Tech giants in healthcare: friend or foe?

Team Zorg Enablers
Published on

In the past decades, technology has been playing an increasingly important role in our everyday lives. Today, almost everyone carries a powerful computer in their pocket. And those are connected to a wristwatch more and more often. We have a computer at home and a tablet on the sofa. And if we need something, we can order it online within minutes. Such developments are partially driven by ever-expanding technological capabilities with a prominent role for technology giants. Some of the most famous ‘tech giants’ include Alphabet (Google), Amazon, Apple, Facebook and Microsoft. In 2020, these ‘Big Five’ generated over $1 billion in combined profits while employing around 1.6 million staff. Other tech giants include IBM, Alibaba, Samsung, Sony, Tencent, Huawei and Nvidia. Their applications can be found in all aspects of our society, such as in IT, (tele)communications, consumer electronics and e-commerce.

Tech giants are increasingly interested in healthcare

As interest and adoption of digital applications in society increases, so do opportunities for healthcare. More and more consumers and patients use digital applications to promote their health. And an increasing amount of (medical) data is being generated and information digitally collected, processed, stored and exchanged. The outbreak of the COVID-19 pandemic accelerated the digitisation process in healthcare. In addition, the global healthcare industry is one of the fastest growing and largest markets with a revenue of $8.5 trillion and a profit of $1.9 trillion in 2018. The revenue is expected to exceed $10 trillion by 2020 [1]. Healthcare costs are expected to be reduced by around $100 billion a year due to technological developments [2]. And tech giants are trying to claim their place in the healthcare market with all their might [3].

Alphabet, Amazon, Apple, Microsoft and others use their knowledge and skills in data and technological solutions to become an appealing partner. They focus on specific components, as illustrated in the infographic. Microsoft focuses mostly on cloud solutions for healthcare systems to help create ‘smart healthcare institutions’. They are getting fierce competition from Amazon and Alphabet [4]. Apple collects medical data for research through its wearables and Alphabet focuses on its AI expertise to make precision medication a success. Amazon spreads its efforts all across the board: from the pharmacy to delivery of medical equipment and telecare [5]. Every tech giant chooses its own strategy and develops a different services and product portfolio to distinguish themselves within the healthcare market. But the four largest tech giants are not the only players out there. Other tech giants such as IBM, Nvidia and Alibaba have their own strategies and portfolios to capture a share of the market.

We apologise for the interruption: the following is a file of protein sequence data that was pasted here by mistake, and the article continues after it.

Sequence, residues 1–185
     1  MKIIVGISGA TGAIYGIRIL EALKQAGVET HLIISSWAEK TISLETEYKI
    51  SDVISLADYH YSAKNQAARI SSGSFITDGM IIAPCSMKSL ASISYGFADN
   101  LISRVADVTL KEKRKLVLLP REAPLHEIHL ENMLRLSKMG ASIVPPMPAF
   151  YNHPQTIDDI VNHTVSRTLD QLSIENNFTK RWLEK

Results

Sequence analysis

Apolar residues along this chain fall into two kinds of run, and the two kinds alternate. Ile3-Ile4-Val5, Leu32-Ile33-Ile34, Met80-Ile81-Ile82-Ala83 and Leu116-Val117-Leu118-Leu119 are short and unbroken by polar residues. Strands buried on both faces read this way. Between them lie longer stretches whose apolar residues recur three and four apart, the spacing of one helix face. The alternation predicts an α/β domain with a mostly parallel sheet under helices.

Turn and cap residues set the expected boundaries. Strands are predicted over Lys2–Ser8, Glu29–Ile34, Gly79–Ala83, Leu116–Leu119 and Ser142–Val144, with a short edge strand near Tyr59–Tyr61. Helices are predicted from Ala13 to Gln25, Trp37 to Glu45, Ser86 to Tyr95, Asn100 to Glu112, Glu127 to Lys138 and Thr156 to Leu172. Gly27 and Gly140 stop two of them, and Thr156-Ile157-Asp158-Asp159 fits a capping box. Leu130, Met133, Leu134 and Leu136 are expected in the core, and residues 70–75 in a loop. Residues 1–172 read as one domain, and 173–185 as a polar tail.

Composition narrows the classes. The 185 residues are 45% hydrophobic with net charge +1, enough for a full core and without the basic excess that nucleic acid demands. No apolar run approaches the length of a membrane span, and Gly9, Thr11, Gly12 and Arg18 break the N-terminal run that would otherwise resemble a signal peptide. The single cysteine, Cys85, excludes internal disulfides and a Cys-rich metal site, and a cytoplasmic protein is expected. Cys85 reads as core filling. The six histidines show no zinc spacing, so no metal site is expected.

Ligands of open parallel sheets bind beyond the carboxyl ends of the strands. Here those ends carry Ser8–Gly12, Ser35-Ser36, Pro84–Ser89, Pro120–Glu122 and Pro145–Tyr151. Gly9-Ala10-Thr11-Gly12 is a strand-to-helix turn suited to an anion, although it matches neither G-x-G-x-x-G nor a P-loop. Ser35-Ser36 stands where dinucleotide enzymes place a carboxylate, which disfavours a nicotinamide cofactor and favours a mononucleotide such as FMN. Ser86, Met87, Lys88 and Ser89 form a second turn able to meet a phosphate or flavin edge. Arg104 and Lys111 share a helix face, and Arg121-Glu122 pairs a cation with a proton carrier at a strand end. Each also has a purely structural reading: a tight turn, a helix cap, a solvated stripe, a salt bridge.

Computer hardware giants IBM and Nvidia developed super computers called Watson and Cambridge-1 respectively. Over 10 years ago, super computer Watson even beat the ‘Jeopardy!’ champion, showcasing the potential of artificial intelligence. But the towering promises turned out to be over the top and IBM has failed to realise the intended impact with ‘Dr. Watson’ so far. A study by The Allen Institute did show that Watson performs at the same level or even better than the three major AI giants, Amazon, Google and Microsoft [6]. Nvidia launched its supercomputer in July 2021. Together with five major healthcare partners including GSK, AstraZeneca and the NHS, Nvidia wants to use the computational power of Cambridge-1 to gain a better understanding of dementia, drug development and genetics [2]. Samsung is also gradually trying to conquer its place in the healthcare market. The pulse meter in their new Galaxy Watch was FDA approved to make ECGs and has now been included in the Samsung Health Monitoring app [7]. Finally, more and more Asian tech giants are entering the healthcare market. Alibaba, the Asian e-commerce giant, and JD Health, the largest Chinese online health platform, are battling for market leadership in the Asian market. JD Health has its own pharmacies and physicians while Alibaba’s AliHealth is making concrete steps in healthcare by offering online health services [8].